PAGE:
A range of proposals to ‘shore up’ science journalism were set out today in a Government-commissioned report.
One idea is to appoint a national training officer to teach basic science reporting to non-specialist journalists.
The Royal Statistical Society has agreed to create the post of National Co-ordinator for Science Journalism and Training, subject to funding.
The holder will co-ordinate training of editors and non-specialist reporters throughout the media, as well as trainee journalists at universities.
Other recommendations include the establishment of a Science Programming Centre to assist collaboration between scientists and programme makers, a new fellowship scheme to increase the number of people with scientific backgrounds working in journalism, and better training of science press officers.
The report also called for the provision of funding for science investigations at the new Bureau for Investigative Reporting at City University in London.
The Science and Media Expert Group which produced the recommendations urged the Government to set up a National Commission on the Future of Journalism.
Fiona Fox, who chaired the working group set up by the Department for Business Innovation and Skills (Bis), said: “While there is much to celebrate about science in the media today, it was our conclusion that the scientific community and Government need to engage more with the wider crisis in journalism and the impact on the reporting of science in the future.
“The stark message from the US where the media is haemorrhaging their best science reporters is that we must act now to protect the gains we have made in science reporting in recent years.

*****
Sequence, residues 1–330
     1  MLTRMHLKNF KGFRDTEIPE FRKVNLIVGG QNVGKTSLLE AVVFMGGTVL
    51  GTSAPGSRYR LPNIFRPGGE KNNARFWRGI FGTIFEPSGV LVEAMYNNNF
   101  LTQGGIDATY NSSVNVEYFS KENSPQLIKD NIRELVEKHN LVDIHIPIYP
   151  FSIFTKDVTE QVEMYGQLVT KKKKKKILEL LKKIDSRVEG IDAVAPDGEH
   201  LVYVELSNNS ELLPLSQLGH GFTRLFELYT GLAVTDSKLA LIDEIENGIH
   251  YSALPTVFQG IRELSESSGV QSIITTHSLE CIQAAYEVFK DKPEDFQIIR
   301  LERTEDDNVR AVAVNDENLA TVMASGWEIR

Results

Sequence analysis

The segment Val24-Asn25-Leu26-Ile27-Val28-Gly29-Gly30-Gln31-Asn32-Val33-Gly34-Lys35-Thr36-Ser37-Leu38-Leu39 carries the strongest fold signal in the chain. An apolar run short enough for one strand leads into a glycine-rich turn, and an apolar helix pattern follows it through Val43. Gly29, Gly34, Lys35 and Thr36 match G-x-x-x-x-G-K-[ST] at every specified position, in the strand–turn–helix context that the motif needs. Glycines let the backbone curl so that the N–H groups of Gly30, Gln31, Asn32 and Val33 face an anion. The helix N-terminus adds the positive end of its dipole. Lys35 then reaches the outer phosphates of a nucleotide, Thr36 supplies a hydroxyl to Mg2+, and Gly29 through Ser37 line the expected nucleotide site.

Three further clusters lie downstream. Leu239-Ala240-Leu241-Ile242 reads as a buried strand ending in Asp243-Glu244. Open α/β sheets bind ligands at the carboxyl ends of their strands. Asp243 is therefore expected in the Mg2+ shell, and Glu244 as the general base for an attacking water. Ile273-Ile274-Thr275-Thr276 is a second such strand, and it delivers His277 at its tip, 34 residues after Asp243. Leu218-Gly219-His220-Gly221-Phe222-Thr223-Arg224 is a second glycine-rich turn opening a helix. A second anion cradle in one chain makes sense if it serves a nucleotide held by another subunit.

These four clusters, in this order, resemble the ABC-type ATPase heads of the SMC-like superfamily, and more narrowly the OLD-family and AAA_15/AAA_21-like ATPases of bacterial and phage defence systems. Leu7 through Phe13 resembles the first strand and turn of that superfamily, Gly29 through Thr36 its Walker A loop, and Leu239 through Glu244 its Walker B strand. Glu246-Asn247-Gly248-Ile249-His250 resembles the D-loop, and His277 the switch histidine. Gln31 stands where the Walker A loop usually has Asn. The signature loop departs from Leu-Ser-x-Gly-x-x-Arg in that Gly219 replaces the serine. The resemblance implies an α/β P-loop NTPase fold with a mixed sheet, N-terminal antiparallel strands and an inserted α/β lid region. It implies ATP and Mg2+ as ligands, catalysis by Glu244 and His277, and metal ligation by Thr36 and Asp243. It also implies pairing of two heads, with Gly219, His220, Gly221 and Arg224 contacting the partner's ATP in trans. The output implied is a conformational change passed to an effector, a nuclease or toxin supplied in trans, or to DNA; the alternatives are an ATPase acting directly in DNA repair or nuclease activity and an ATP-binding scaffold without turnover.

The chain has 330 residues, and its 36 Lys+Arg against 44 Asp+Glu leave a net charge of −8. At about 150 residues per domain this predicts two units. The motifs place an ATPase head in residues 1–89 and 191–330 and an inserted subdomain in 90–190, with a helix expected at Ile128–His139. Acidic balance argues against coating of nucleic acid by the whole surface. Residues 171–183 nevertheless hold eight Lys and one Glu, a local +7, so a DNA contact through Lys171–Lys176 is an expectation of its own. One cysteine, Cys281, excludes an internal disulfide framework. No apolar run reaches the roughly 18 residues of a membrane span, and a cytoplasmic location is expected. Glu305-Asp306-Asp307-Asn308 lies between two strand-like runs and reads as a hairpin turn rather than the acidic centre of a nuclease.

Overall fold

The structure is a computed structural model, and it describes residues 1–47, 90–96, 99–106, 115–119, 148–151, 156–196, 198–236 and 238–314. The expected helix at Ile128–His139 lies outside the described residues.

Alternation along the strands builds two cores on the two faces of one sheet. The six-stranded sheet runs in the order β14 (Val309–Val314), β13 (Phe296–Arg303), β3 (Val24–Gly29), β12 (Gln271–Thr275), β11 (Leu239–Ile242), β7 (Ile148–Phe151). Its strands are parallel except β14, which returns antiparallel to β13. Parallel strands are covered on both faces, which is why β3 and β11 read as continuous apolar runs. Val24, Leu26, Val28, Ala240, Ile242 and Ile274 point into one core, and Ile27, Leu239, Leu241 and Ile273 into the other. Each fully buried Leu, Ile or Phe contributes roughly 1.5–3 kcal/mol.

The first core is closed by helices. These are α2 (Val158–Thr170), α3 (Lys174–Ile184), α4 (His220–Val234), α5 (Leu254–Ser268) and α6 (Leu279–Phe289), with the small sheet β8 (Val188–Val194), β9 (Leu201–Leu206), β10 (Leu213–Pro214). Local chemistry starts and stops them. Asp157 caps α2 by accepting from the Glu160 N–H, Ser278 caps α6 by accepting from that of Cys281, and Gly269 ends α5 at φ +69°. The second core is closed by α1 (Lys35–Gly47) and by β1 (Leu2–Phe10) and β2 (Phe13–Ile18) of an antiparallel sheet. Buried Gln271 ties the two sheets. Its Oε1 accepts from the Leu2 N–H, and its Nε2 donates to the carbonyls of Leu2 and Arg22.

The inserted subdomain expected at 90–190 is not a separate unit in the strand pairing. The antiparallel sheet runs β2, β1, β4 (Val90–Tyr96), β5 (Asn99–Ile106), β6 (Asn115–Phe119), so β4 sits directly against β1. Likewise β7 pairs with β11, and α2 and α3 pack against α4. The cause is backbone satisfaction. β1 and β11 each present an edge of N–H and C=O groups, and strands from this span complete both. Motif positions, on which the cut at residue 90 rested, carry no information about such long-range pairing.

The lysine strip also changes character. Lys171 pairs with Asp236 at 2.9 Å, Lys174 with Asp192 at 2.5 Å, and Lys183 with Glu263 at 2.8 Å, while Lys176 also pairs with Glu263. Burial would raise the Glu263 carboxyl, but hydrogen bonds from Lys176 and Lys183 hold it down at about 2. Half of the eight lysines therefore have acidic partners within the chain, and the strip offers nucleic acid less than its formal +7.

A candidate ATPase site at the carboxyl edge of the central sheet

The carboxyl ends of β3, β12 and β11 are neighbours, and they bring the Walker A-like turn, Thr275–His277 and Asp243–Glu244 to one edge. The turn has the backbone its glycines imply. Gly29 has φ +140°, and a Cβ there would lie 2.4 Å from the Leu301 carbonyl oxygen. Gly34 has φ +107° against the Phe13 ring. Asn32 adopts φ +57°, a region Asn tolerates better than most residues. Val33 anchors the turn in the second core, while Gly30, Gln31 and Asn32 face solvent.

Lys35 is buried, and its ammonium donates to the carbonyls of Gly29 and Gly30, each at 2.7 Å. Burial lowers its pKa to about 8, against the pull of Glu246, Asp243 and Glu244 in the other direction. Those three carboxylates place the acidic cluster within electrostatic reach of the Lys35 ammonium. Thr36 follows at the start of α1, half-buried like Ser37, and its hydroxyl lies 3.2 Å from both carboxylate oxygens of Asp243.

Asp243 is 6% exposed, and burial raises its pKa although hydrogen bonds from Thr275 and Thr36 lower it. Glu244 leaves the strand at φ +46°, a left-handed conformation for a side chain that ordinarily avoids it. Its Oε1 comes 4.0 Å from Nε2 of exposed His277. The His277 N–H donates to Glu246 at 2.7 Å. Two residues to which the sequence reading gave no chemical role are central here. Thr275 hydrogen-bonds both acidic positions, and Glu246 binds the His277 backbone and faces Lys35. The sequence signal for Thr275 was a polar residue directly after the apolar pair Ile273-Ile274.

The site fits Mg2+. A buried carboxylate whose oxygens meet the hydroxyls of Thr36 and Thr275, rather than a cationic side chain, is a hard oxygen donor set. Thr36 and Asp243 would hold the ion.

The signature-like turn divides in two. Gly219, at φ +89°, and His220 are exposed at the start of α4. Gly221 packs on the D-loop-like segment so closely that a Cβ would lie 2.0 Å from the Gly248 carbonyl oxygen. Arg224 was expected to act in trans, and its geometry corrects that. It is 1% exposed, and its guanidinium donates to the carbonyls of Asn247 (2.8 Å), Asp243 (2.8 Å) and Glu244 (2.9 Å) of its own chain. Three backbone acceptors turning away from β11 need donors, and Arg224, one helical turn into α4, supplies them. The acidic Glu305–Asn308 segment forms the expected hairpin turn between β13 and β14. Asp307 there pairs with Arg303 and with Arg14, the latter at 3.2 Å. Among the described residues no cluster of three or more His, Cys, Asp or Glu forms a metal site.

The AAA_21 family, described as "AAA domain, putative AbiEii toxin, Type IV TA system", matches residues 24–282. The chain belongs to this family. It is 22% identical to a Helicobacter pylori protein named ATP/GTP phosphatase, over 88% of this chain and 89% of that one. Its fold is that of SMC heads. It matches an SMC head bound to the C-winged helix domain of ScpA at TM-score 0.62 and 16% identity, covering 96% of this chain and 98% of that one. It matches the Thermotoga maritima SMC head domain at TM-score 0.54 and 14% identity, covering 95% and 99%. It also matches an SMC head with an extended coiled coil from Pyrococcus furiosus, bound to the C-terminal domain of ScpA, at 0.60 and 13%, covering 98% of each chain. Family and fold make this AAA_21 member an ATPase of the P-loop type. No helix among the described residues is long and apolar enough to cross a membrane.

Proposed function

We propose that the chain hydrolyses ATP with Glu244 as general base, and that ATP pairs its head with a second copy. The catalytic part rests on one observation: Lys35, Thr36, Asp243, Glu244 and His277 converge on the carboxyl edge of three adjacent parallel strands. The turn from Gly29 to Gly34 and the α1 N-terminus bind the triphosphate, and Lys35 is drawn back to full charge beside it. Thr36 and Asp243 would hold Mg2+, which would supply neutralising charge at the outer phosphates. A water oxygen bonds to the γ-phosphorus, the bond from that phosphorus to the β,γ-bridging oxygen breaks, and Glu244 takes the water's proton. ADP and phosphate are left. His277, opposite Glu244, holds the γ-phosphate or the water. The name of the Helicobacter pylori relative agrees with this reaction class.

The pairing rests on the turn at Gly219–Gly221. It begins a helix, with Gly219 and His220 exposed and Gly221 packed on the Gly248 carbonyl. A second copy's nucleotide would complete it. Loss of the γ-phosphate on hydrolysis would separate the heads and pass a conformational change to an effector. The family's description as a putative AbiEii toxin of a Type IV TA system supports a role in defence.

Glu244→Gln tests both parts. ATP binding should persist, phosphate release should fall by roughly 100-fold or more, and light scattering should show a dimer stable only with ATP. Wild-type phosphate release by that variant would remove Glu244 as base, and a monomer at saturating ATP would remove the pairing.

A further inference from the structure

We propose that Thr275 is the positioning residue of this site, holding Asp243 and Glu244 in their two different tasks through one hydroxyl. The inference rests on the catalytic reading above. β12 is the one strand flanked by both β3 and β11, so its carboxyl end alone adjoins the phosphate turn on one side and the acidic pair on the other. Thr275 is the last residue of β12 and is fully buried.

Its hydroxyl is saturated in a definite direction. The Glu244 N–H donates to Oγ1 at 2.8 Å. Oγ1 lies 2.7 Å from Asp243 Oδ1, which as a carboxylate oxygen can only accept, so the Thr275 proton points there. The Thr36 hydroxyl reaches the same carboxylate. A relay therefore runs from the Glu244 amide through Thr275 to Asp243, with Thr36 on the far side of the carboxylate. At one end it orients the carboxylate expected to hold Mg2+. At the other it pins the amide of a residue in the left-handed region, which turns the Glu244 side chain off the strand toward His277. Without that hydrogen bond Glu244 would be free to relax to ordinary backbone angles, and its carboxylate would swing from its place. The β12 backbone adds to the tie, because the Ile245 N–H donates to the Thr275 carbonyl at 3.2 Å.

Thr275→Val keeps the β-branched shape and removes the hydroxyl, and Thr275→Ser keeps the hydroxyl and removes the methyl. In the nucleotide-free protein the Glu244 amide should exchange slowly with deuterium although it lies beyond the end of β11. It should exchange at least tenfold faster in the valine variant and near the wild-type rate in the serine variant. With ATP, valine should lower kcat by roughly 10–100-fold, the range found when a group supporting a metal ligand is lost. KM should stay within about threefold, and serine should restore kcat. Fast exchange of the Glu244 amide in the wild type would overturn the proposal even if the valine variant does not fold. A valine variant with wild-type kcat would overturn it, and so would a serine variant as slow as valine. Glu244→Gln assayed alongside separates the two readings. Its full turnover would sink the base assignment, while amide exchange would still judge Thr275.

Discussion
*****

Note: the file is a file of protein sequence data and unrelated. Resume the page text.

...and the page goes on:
“We as a society have come to rely on the media to report complex science to a mass audience on some of the most important issues of our times. This report is a call to arms to all those who care about the reporting of science to start thinking creatively about ways to shore up science journalism without undermining its independence.”
Fox is director of the Science Media Centre in London which hosts press conferences and provides expert comments and background information when a major science story hits the headlines.
The report, Science and the Media: Securing the Future, said general problems affecting journalism threaten the quality and independence of science reporting.
Economic and institutional constraints have led to greater workloads for journalists, less time to seek out stories and check facts, and increasing reliance on a limited pool of news sources.
Fox added: “Taken together we believe that the recommendations we have made can make a real difference to the quality of science reporting today and start a much-needed debate about ways to secure the kind of science reporting we all want to see in the future.”